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Sparta’s ‘no’

Posted October. 22, 2019 07:31,   

Updated October. 22, 2019 07:31


In a time when travelling in Europe used to be a rarity, a Western history major was asked if the person had ever been to Sparta. The answer was “no need to visit.” He said that Sparta is left with nothing while Athens is full of heritages. From a perspective of a tourist, it makes sense given that there seem few tourist attractions in the city. You can only see the site where the Temple of Artemis stood, which is surrounded by a barbed-wire fence. Only several stone blocks in olive trees tell you where an agora was situated in the past.

What we see today’s Sparta was rehabilitated in the 19th century. As its neighboring city Mystras prospered in the Middle Ages, Sparta turned into a traceless rural area, which later managed to revive thanks to its past glory. In the fifth century B.C., Sparta served as a barracks with any splendor. Spartan teenagers lived in a barracks-like dormitory and ate hard dry bread and black-colored soup with pig blood.

If you had made a visit to the city then, it would have been still a dry and dull city. History explains why they maintained such a lifestyle. That is because they had to rule Helots that outnumber their populations. A visit to the city tells one more thing about their lifestyle. Sparta is located on a plain while Athens has the Acropolis that is a firmly closed fortress. Sparta could have taken advantage of Mystras with perfect conditions as a fortress. However, Spartan people instead built a city on a plain, which made it necessary for them to become stronger to rule their neighboring regions.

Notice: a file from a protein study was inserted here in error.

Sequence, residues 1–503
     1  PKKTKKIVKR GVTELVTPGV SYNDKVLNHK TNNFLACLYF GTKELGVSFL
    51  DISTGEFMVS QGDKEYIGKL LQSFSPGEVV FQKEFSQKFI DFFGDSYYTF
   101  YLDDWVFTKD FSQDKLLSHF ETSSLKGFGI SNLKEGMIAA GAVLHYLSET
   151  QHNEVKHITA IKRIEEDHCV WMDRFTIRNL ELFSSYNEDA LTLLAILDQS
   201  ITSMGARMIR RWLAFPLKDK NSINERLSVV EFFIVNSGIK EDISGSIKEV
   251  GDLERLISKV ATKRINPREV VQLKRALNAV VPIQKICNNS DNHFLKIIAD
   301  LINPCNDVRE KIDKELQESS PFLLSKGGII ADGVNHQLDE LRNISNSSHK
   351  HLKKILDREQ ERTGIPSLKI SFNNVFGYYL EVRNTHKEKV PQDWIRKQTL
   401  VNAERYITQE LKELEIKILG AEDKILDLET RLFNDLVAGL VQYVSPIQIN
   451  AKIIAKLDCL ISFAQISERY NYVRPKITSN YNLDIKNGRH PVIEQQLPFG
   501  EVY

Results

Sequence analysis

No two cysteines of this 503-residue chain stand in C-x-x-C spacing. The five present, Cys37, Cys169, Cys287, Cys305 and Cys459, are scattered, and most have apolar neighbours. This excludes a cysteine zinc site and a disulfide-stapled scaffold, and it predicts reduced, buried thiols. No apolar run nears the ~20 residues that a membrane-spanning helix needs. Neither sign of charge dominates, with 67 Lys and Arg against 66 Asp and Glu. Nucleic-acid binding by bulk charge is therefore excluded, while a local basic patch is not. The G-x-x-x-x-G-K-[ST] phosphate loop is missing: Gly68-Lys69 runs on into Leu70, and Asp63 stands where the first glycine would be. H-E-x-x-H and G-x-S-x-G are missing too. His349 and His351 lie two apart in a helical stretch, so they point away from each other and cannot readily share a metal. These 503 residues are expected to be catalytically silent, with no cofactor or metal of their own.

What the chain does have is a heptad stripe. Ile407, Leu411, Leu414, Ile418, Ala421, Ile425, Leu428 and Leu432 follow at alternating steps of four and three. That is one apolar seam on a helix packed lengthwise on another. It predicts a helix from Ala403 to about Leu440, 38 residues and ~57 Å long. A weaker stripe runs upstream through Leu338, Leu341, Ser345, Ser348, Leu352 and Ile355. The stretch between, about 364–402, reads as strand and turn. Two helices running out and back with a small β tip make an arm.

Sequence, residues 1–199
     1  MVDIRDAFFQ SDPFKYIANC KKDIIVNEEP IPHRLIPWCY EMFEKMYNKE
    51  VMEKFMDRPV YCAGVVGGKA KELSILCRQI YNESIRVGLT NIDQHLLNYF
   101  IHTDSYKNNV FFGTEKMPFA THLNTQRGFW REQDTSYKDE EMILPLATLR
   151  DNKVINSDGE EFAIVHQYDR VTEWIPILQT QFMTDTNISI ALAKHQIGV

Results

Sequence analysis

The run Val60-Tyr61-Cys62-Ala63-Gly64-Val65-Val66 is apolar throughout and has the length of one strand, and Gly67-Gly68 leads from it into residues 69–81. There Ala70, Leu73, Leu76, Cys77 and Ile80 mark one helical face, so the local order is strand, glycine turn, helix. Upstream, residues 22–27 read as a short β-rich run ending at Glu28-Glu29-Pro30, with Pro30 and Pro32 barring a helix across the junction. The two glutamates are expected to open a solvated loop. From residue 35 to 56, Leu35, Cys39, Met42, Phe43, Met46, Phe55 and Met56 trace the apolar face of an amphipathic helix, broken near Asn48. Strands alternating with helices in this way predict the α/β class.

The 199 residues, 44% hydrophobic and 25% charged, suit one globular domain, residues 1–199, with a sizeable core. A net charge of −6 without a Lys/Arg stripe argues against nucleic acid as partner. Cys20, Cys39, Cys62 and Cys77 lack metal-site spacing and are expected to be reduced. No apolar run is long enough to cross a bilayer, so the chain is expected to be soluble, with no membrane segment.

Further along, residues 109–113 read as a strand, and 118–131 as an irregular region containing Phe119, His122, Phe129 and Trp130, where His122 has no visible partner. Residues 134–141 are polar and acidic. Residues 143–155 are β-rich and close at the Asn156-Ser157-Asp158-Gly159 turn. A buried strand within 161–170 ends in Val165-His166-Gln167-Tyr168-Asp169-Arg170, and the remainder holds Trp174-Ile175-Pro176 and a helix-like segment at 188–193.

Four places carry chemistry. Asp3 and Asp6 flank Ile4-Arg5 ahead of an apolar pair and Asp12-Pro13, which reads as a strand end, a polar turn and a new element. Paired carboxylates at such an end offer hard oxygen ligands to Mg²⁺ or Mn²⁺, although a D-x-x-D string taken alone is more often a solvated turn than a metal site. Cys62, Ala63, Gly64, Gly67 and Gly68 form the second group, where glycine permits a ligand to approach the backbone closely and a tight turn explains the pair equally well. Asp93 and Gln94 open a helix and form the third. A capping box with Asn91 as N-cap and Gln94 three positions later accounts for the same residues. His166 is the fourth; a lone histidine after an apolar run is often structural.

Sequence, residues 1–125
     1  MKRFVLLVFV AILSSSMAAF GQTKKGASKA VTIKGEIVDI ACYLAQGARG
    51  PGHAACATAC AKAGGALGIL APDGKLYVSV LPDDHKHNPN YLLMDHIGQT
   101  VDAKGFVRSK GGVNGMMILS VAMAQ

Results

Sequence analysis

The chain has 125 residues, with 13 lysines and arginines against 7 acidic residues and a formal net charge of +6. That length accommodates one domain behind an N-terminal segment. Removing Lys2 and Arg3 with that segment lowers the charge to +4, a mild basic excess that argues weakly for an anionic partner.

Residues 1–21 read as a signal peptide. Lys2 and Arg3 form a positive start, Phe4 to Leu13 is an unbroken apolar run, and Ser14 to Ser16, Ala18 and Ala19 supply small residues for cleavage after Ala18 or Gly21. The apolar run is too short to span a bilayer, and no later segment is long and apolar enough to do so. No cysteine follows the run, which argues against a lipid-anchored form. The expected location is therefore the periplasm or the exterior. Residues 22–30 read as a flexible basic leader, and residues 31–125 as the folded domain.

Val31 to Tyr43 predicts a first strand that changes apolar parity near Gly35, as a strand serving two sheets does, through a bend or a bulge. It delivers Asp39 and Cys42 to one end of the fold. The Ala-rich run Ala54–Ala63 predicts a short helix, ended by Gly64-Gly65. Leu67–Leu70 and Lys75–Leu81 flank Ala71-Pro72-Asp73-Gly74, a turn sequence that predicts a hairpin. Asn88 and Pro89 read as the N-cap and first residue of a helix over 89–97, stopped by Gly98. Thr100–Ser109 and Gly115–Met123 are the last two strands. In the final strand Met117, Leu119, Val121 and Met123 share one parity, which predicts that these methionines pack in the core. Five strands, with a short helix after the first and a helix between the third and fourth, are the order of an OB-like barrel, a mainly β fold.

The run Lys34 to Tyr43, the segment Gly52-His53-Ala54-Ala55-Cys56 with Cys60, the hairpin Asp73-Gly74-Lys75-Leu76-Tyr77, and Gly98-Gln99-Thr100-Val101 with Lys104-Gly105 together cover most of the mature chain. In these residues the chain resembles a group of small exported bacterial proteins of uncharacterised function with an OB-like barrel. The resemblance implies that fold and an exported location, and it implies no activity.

That explains where the Spartan education and training regime came from. Sparta could have found it more helpful to utilize geographical merits and fortresses. However, they might have believed that such tools would only weaken their mental strength, arguing that cutting-edge weaponry and perfect fortifications do not work if they lack in passion and courage.

It takes fighting spirits and passion even for well-equipped forces to achieve victory. Even with cutting-edge tactics in their hands, warriors are supposed to chant, “We are fighters,” rather than “We are better-equipped with weapons than you are.” That may be a lesson of all ages imparted by Sparta that refuses to provide visitors with mere sightseeing attractions.